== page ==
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Make Hot Dogs Cool This Summer

May 13, 2021 ● By Charleen Engberg & Vickie Sundquist | Capital Humane Society
Ready to have some fun with your pet this summer? How about reading out loud to your cat, rabbit, or critters to keep your reading skills polished and spend quality time with your best furry friend. Another idea is to make cool treats for your dog, such as “pupsicles” (popsicles for dogs). If you do, make sure to only use healthy, pet-safe ingredients. For example, be careful with peanut butter; it is a popular ingredient, but may contain xylitol, which can be toxic.

There are many other fun activities for you and your pet during the summer months. Whatever you choose, it is important to educate yourself about how to keep pets safe on hot days.

As an organization that cares for homeless pets, Capital Humane Society (CHS) has received animals in the summer that were suffering from hot weather-related problems.

Heat Stroke 101

“Some issues we have seen include heat stroke and burned paw pads,” said Vickie Sundquist, a Licensed Veterinary Technician at Capital Humane Society. “Heat stroke can be life threatening,” she emphasized. “Animals that come into the shelter with signs of heat stroke are immediately assessed by the veterinary staff. They are cooled down with cool water (not cold water), a fan is used to help the process and small drinks of water are given,” she explained. “Close monitoring follows.”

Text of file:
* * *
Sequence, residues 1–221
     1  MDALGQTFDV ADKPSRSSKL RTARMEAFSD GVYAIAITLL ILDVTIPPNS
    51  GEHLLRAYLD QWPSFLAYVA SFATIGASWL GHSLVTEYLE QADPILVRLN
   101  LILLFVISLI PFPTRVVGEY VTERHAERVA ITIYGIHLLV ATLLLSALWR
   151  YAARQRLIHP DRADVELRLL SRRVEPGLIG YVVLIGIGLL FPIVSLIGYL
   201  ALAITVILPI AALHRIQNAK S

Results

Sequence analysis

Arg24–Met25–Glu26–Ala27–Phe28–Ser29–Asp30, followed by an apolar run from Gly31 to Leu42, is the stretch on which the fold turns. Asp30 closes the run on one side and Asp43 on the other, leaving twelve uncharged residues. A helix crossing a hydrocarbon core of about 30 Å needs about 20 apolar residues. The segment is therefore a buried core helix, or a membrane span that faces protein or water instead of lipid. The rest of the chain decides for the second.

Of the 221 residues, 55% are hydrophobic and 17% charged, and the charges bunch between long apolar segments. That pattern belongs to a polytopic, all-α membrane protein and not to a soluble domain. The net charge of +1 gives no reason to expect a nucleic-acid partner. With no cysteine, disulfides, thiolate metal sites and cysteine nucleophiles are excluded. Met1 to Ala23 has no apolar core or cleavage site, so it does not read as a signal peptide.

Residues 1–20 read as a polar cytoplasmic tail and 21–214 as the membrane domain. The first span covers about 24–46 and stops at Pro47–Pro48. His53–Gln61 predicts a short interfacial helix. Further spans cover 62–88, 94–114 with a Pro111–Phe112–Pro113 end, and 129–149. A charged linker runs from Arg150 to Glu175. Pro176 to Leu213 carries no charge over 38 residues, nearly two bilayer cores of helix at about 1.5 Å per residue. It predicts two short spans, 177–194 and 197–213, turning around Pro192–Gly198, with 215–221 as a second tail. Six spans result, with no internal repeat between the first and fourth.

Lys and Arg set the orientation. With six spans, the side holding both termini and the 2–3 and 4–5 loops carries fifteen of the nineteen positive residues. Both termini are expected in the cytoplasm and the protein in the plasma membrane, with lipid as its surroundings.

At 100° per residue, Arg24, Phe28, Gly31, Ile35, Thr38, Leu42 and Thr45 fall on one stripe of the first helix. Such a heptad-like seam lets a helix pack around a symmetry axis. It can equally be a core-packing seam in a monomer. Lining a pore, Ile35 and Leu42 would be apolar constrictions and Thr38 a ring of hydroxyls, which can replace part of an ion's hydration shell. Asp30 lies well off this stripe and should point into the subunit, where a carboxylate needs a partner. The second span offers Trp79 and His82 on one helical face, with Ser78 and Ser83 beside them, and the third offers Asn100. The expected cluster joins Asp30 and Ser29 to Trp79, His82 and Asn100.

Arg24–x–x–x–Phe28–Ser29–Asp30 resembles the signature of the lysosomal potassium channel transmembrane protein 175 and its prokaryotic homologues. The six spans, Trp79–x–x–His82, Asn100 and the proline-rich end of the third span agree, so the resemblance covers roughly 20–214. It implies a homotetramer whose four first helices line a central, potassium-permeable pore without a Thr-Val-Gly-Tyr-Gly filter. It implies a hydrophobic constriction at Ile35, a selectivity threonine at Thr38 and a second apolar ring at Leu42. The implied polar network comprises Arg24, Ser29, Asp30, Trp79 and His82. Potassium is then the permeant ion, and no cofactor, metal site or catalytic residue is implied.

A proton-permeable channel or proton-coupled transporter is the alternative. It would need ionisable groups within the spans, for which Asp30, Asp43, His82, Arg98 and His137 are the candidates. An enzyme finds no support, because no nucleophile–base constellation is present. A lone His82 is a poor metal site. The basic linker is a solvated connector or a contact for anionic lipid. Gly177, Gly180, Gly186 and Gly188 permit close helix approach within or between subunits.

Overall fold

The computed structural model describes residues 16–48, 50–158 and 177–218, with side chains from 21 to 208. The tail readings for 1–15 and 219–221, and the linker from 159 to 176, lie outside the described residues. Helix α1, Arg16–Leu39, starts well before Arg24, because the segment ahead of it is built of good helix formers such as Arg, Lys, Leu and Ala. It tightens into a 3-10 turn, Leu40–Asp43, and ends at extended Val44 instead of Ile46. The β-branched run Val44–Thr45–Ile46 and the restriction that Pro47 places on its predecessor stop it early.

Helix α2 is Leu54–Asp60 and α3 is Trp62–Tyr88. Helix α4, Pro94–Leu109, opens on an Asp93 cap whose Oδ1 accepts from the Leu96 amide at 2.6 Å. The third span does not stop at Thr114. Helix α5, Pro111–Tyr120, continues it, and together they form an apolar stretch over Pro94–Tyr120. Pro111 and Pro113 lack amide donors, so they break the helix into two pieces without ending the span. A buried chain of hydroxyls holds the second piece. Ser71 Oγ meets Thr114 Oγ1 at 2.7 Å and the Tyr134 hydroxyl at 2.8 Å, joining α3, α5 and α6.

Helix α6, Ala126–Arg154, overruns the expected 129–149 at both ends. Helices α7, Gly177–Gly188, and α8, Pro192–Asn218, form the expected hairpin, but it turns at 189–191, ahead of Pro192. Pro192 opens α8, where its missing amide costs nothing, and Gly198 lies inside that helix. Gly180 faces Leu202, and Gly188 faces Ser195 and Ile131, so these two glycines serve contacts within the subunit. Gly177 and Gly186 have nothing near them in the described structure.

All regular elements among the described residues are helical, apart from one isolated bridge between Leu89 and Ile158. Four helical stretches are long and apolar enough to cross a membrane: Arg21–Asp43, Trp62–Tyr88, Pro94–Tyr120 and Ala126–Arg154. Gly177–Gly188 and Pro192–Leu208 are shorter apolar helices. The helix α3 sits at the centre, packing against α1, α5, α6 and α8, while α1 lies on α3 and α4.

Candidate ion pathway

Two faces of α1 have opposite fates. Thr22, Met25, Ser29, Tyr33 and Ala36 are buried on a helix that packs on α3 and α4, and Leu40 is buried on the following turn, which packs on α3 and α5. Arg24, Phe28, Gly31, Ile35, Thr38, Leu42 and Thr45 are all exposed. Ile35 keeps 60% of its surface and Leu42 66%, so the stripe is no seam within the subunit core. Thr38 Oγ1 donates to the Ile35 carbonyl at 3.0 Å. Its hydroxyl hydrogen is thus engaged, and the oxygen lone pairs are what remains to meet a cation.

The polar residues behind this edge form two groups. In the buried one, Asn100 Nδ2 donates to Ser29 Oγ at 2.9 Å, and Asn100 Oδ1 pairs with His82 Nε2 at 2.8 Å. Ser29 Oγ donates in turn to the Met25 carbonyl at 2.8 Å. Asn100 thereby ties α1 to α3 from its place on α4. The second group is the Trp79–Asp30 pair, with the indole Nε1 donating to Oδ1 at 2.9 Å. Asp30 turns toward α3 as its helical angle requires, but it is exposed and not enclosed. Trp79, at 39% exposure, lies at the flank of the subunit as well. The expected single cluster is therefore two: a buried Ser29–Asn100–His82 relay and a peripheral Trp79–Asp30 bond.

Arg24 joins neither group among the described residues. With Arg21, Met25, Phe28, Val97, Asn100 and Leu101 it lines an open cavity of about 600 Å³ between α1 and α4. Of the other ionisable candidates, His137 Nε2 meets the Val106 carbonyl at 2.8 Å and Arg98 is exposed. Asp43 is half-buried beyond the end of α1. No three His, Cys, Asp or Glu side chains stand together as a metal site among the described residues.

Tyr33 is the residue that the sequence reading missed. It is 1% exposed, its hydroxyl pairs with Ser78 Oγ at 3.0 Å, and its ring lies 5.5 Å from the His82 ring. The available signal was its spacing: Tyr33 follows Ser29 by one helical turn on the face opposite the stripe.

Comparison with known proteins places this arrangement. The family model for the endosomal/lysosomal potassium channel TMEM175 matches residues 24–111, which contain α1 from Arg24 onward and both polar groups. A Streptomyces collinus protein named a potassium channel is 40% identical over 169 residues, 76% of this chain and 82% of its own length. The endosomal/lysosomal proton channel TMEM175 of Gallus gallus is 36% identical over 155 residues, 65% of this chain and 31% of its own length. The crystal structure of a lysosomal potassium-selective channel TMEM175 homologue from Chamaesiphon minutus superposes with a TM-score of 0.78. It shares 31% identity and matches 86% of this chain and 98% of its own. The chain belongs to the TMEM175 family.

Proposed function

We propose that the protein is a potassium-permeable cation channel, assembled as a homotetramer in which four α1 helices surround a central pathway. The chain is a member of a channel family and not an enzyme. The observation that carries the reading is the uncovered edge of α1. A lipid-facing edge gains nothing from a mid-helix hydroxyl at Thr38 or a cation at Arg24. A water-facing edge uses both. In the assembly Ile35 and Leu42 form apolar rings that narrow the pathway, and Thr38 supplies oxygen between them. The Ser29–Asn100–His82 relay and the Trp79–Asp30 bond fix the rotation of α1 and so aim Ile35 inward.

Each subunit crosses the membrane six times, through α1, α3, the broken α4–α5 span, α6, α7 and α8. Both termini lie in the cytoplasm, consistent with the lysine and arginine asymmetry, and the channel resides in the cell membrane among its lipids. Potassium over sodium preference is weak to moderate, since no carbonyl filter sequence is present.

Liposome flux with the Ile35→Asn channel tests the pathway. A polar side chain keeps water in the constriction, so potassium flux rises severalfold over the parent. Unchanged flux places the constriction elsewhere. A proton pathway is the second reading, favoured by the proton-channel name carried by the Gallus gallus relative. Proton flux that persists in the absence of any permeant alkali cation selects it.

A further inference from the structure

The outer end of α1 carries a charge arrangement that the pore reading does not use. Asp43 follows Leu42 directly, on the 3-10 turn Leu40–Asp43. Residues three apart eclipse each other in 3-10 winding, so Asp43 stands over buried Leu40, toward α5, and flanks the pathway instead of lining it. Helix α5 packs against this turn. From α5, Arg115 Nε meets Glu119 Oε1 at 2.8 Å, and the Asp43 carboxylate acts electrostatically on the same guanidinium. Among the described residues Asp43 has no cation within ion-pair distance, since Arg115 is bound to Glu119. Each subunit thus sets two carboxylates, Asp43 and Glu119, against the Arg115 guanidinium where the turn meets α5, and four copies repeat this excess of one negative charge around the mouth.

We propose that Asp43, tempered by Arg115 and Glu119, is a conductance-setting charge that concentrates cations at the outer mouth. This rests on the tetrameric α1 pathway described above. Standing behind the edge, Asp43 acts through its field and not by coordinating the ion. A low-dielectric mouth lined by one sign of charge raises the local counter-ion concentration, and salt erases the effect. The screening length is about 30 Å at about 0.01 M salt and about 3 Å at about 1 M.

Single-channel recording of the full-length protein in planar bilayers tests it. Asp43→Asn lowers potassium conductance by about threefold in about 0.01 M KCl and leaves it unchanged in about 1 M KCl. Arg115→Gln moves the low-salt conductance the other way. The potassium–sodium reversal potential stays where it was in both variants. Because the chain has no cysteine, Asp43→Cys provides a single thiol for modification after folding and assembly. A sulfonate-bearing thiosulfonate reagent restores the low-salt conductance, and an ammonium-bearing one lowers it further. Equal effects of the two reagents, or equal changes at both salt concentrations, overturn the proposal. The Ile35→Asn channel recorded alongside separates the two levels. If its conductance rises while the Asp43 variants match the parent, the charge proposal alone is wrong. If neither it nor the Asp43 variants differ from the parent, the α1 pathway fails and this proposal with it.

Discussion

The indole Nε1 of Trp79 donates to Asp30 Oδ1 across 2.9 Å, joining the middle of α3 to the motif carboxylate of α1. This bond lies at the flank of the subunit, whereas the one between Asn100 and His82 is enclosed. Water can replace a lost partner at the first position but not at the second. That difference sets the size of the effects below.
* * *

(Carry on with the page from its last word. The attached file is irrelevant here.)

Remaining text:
“Burned paw pads are treated on a case-by-case basis,” Vickie said. “If mild, a simple aseptic cleaning is performed. In severe cases, antibiotics and hydrotherapy are required.” Contact your veterinarian immediately if your pet has heat stress symptoms, such as excessive panting or weakness.

 Most situations can be prevented by making smart choices:

 - never leave your pet in the car
-  do not walk your dog during the warmest part of the day
- keep him/her off the hot asphalt
- keep pets inside, or, if outside, provide shade
-  always provide plenty of clean/fresh water. It is also important to keep your pet safe on Independence Day.

4th of July

While July 4th celebrations can be enjoyable for people, they are often very stressful for pets. Pets may get lost because they are afraid of the fireworks and try to run from the noise. Other pets are injured by the fireworks. Your pet will appreciate being protected from these possible dangers and being kept safe inside.

Pets rely on their families to make responsible decisions, so think about safety first and then make your plans for an awesome summer!

You can learn more about summer pet safety by reading the Animal Behavior Handouts on the CHS website or check out tips on the American Veterinary Medical Association (AMVA) website.
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